School District Moves Full Steam Ahead on Repairs
By ALLIE HOSTLER, Two Rivers Tribune
Two Klamath-Trinity Joint Unified School District gymnasiums are now closed awaiting repairs.
The Orleans Elementary School Gymnasium has a leaky roof, even after repairs were done to correct the problem a couple of years ago.
“The whole roof needs to come off,” KTJUSD Superintendent, Dione Beilby said. “It’s leaking down into the gym. We absolutely cannot have puddles of water and roof tiles falling down.”
Beilby said work on the gym begins this week and that the project is being expedited so it can be completed before school starts next year. Expediting the project also enables the District to use emergency funds from the state that might not otherwise be available.
River Schools Principal, Matt Malkus said a number of community organizations rely on the Orleans gym and that it was being used almost every night of the week for drop-in basketball and volleyball leagues.
“Our number one priority is public safety for our students and the community groups that use the gym,” Malkus said. We had one ceiling tile come down so far. If a water-logged tile fell it could actually hurt someone.”
Malkus is confident the project will be completed as planned.
Also on the fast-track to fixing is the Jack Norton Elementary School water system.
Malkus said Jack Norton Elementary, a Kindergarten through eighth grade school with about 30 students total, is one of the most remote schools in California relying on electricity from a diesel generator. The school also relies on an independent gravity-fed water system which draws from a nearby spring.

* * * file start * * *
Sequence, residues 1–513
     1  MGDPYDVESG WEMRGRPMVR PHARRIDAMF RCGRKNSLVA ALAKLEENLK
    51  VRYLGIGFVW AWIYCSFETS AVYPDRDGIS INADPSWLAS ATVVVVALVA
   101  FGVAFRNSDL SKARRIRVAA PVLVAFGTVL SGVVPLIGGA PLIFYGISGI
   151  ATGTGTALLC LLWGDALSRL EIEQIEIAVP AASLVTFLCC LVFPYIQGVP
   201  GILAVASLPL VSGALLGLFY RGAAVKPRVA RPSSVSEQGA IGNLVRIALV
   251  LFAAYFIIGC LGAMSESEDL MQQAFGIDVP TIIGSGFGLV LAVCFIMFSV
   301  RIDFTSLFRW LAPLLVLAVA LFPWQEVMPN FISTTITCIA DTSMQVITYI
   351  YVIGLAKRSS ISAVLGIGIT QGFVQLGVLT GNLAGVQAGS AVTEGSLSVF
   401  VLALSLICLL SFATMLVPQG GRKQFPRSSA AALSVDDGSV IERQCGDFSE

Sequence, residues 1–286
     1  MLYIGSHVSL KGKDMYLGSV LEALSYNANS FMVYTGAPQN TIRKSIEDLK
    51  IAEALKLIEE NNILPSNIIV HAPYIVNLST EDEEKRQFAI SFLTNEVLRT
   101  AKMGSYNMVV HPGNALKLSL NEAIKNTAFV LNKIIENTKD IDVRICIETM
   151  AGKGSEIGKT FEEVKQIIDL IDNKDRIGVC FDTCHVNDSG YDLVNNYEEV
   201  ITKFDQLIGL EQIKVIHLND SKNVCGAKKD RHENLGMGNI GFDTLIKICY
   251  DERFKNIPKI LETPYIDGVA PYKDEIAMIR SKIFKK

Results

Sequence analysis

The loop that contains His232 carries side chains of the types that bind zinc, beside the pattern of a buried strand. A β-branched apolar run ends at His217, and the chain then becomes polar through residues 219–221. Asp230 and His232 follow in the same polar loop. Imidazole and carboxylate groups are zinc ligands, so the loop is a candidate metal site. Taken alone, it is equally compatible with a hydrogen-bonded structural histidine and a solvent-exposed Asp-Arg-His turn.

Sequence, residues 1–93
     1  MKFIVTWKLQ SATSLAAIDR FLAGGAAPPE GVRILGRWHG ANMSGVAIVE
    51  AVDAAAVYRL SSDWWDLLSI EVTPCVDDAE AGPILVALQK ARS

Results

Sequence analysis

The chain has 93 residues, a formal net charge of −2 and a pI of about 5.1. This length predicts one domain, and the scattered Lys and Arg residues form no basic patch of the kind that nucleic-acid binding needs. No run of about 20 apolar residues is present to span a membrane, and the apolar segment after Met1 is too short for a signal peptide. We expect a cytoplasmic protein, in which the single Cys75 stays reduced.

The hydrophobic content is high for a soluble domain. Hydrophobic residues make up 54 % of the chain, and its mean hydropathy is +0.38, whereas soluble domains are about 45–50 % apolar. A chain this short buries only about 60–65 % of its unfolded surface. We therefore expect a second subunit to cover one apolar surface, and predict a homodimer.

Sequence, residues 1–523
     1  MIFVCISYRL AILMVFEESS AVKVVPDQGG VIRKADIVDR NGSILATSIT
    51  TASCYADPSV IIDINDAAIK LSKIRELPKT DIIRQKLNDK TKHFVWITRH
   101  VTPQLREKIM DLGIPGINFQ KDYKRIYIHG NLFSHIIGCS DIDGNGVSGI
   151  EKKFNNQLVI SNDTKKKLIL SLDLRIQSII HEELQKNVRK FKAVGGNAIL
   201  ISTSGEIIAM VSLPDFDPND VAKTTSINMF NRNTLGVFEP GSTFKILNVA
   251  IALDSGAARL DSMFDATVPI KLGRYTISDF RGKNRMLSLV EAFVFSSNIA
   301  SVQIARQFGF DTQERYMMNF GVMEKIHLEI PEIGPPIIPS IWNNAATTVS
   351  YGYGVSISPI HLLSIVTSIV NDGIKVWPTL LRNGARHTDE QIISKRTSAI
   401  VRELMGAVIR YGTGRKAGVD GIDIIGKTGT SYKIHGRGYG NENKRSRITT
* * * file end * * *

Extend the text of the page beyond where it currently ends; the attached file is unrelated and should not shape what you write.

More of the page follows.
Beilby said the federal government is requiring the school to hook up to a public water system that is more closely monitored. She said she has been in close communication with the Yurok Tribe’s Chairman and they are working together to tie the school into the Yurok Tribe’s system.
“The school’s system requires daily testing to ensure we’re complying with the state and federal requirements for water quality,” Malkus said. “The Yurok Tribe already provides the same service for the village of Watek so instead of duplicating those services, we’re wanting to contract with the Yurok Tribe to provide water to the school.”
Malkus said they’ve never had water test ‘unsafe’ but spikes and inconsistent data have brought the system under scrutiny.
Beilby said the current drought situation in California could mean lower flows in the stream that feeds the school.
“This is being considered an emergency project so we can move full speed ahead,” Beilby said. “We need the water especially if we are going into a drought situation.”
The project is expected to be completed by July 1.
All-Indian Basketball fans likely recall the 2014 tournament—held in March—being relocated to a smaller, less hospitable gymnasium after the Hoopa Valley High School gym floor began to buckle during a basketball game.
About three years ago the floor was re-sanded, finished, re-striped and called new, however, Beilby said the floor had been sanded to its limit and the boards had thinned to a point that they could no longer tolerate moisture.
“The gym hasn’t gotten a new floor in more than 30 years,” Beilby said.
That project will begin on May 19 and is expected to be completed before next school year begins.